Sturgeon Warns Cameron 'On Borrowed Time'

Sturgeon Warns Cameron 'On Borrowed Time'

Opponents on either side of Scotland's independence debate have clashed on the anniversary of the referendum.

The Prime Minister has said last September's result should be respected by everyone.

But Scotland's First Minister Nicola Sturgeon will tell David Cameron he is "living on borrowed time" in the eyes of Scots for failing to deliver on pre-referendum promises of more devolved powers.

On 18 September, 2014, Scots voted to stay in the United Kingdom by 55.3% to 44.7%.

In the year since, however, the debate over Scotland's future has remained intense, with support for independence showing a small yet steady increase in the opinion polls.

Ms Sturgeon has said she will set out the SNP's position on a second referendum in her party's manifesto for next May's Scottish Parliament elections.

Today, she will donate a speech in which she will point to current Government policies as a possible trigger.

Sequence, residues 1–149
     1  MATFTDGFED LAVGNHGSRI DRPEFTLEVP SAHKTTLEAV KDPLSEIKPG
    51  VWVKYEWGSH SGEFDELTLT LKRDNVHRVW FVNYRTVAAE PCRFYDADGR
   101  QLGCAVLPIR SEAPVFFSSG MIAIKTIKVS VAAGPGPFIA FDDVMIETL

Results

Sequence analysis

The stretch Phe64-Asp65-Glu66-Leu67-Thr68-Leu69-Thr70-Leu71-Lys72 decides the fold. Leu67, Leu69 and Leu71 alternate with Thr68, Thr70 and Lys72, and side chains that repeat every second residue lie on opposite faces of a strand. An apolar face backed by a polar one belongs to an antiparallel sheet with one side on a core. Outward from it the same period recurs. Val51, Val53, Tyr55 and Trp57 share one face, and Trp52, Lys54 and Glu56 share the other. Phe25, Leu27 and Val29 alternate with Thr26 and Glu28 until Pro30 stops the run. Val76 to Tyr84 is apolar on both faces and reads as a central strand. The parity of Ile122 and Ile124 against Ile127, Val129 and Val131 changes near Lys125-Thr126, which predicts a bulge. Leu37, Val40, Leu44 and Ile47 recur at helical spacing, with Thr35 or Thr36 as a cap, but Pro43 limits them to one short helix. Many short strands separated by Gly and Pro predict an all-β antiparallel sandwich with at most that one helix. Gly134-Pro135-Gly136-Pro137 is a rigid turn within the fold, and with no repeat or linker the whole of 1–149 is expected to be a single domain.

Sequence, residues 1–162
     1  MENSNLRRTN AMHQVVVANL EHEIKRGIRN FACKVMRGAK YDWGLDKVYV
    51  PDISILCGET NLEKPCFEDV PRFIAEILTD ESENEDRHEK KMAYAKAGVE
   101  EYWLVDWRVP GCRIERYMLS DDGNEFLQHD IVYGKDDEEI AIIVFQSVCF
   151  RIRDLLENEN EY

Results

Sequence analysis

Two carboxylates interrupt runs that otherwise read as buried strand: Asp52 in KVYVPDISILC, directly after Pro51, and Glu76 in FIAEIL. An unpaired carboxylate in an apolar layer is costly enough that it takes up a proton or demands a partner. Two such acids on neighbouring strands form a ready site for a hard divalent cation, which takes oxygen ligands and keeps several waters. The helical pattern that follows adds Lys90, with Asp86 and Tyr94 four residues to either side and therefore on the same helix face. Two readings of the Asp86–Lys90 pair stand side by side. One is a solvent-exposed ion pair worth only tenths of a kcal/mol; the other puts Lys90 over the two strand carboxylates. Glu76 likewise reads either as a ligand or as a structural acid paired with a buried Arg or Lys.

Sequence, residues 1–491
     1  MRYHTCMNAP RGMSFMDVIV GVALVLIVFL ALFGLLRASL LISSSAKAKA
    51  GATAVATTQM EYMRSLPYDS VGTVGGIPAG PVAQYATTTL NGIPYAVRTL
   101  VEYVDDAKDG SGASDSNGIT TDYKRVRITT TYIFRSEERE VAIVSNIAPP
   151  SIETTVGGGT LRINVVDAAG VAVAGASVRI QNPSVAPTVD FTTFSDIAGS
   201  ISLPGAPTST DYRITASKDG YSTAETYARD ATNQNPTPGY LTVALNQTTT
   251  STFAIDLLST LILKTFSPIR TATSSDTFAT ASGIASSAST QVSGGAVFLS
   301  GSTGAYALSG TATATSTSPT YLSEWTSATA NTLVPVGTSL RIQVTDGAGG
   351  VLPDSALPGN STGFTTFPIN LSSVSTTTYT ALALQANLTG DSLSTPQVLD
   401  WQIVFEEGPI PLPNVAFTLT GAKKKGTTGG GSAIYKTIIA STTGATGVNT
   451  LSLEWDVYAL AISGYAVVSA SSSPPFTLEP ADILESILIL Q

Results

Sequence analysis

She is expected to say: "Right now, what (the Scottish) people see at Westminster is a Tory government failing to fully deliver on the vow it made on more powers for our parliament.

"They see a Tory government continuing to impose austerity on working people & the disabled – way beyond anything required to reduce the deficit & in spite of Scotland electing 56 anti-austerity MPs.

"And they see a government arrogantly pressing ahead with plans to renew Trident – at a cost of £100bn – before the House of Commons has even voted & while our public services suffer the pain of their cuts.

"So my message to David Cameron is … what happens to support for independence in the months & years to come will depend as much on what you do as it will on what we do.

"And right now, you are living on borrowed time."

The Scotland Bill, currently going through the Westminster Parliament, contains pledges to increase devolved powers to Holyrood in areas such as taxation, welfare & VAT revenues.

The SNP says Scotland could be left worse off when all the calculations are taken into account, although that has been rubbished by their opponents.

Speaking ahead of the referendum anniversary, Mr Cameron said: "It's worth remembering that a year ago Scotland voted overwhelmingly to remain part of the UK.

"More people voted to stay together than have ever voted for any political party in Scotland. 

"But they didn't just vote to stay together, they voted for a powerhouse parliament, & devolution is now woven into the fabric of our constitution. 

"We all signed the Edinburgh Agreement, which was to respect the outcome of the referendum & I think now that's what everyone should do."

Source: “Sky News”